def bigrams(words, bi_min=3):
  bigram = gensim.models.Phrases(words, min_count = bi_min)
  bigram_mod = gensim.models.phrases.Phraser(bigram)
  return bigram_mod

The Phrases method creates these bigrams from the list of words, then the Phraser method exports these bigrams to a trained model with which model updates are no longer possible, meaning less RAM and faster processing.

Now, for the id2word mapping, we take the list of bigrams, where each element is the bigram representation of a document, and then we feed it into Gensim’s Dictionary method. This creates a mapping between each token (as it is now called after converting into bigrams) and an id for that token. We also filter, such that tokens need to be in at least “no_below” documents, and in no more than “no_above” fraction of documents. Finally we convert all of our documents into a “corpus”, where a document is represented by a list of (id, frequency) tuples. The id value comes from the id2word mapping, and the frequency is calculated based on how many of these ids are in the document.

id2word = gensim.corpora.Dictionary(bigram)
id2word.filter_extremes(no_below=3, no_above=0.35)
corpus = [id2word.doc2bow(text) for text in bigram]

For example, the id of “microsoft” is:

[(539, 1)]

So the word “microsoft” has id 539, and since we only passed the word in once, it has a frequency of 1. If we had passed in [“microsoft”, “microsoft”], then we would have gotten [(539, 2)]. More generally, the union of two documents if the disjoint union, summing the multiplicities of each element (token id).

It is important to be aware of the BoW assumptions, predominantly that there are no relationships between words, and that a document’s meaning is solely composed of which words it contains, and not the order. This is of course highly unrealistic, however it seems to be a simplifying assumption that works quite well in a lot of cases.

It is also important to note that we do not need to use idf-tf (inverse document frequency – term frequency), because LDA addresses term frequency issues by construction.


Mallet (Machine Learning for Language Toolkit), is a topic modelling package written in Java. Gensim has a wrapper to interact with the package, which we will take advantage of.

The difference between the LDA model we have been using and Mallet is that the original LDA using variational Bayes sampling, while Mallet uses collapsed Gibbs sampling. The latter is more precise, but is slower. In most cases Mallet performs much better than original LDA, so we will test it on our data. Also, as shown in the notebook, Mallet will dramatically increase our coherence score, demonstrating that it is better suited for this task as compared with the original LDA model.

To use Mallet in Google Colab, we need to go through a few extra steps. First we install Java (in which Mallet is written).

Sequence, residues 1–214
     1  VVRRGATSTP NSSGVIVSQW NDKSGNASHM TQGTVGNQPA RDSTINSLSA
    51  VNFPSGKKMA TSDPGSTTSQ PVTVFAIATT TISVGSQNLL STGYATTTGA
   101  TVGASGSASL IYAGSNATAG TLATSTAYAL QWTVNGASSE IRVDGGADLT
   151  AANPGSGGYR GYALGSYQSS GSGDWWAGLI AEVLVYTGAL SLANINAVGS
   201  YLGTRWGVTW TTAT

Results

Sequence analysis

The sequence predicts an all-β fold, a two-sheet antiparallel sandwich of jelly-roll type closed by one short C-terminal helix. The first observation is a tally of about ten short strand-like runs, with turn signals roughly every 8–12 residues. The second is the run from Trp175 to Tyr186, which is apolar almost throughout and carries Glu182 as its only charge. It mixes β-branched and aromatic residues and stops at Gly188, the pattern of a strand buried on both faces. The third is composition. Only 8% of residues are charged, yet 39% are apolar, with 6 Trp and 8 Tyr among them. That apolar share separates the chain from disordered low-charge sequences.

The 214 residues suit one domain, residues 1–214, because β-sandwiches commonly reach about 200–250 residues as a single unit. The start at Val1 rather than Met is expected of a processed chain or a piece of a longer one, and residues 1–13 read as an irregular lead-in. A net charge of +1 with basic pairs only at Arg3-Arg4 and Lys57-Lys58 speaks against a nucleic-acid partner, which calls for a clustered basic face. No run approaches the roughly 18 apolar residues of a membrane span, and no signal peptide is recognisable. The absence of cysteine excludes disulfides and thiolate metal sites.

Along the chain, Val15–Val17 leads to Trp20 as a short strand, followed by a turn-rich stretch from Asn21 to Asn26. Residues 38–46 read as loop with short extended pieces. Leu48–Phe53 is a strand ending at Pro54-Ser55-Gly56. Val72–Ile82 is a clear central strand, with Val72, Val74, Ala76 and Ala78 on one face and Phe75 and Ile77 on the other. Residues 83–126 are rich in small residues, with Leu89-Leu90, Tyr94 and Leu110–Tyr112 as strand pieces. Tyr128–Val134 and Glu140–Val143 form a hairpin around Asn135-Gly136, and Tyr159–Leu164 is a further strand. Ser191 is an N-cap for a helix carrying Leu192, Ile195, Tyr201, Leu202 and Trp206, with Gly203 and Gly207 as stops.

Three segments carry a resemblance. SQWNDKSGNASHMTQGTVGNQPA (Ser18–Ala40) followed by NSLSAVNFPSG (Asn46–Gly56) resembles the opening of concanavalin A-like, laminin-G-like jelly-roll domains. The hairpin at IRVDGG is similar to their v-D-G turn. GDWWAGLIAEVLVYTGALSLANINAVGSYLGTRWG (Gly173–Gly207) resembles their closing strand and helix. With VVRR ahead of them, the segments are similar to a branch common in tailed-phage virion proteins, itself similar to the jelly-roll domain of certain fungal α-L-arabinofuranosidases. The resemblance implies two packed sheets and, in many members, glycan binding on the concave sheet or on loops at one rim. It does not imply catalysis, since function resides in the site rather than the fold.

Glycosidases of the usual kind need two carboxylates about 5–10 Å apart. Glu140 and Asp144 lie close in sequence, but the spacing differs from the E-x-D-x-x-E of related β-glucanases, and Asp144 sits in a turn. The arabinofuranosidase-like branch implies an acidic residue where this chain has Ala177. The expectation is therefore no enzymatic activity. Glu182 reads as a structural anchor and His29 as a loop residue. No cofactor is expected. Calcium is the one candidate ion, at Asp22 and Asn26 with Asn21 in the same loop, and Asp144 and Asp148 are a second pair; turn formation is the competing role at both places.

def install_java():
  !apt-get install -y openjdk-8-jdk-headless -qq > /dev/null      #install openjdk
  os.environ["JAVA_HOME"] = "/usr/lib/jvm/java-8-openjdk-amd64"     #set environment variable
  !java -version       #check java version

Then we download Mallet and unzip it:


Finally, we set the path to the Mallet binary:

os.environ['MALLET_HOME'] = '/content/mallet-2.0.8'
mallet_path = '/content/mallet-2.0.8/bin/mallet'

To use the model, we use the Gensim wrapper for it. We need to specify the path to the Mallet binary as the first argument. The other arguments included the training corpus, the number of topics (hyperparameter) and the id2word mappings.

lda_mallet = LdaMallet(

The last thing we need to do before we can use the model is to convert it to the Gensim format, like so:

gensimmodelMallet = gensim.models.wrappers.ldamallet.malletmodel2ldamodel(lda_mallet)

Now we can use the model just like we would use the original LDA model!

Note – Here is an excellent guide to using Mallet with Google Colab:

Finding The Optimal Number of Topics

One hyperparameter that needs to be tuned is the number of topics your model looks for. This is some fixed constant and must be tuned by you. There is no real simple way to do this, but one way is simply create a number of models, each with varying numbers of topics and then compute the coherence score. Note we are using the Mallet variation of the model.

def plot_coherence(dictionary, corpus, texts, maximum=30, minimum=3, step=4):
   coherence_values = []
   model_list = []
   for num_topics in tqdm(range(minimum, maximum, step)):
      model = LdaMallet(
   gensimMallet = gensim.models.wrappers.ldamallet.malletmodel2ldamodel(model)
   coherencemodel = CoherenceModel(model=gensimMallet, texts=texts, dictionary=dictionary, coherence='c_v')
return model_list, coherence_values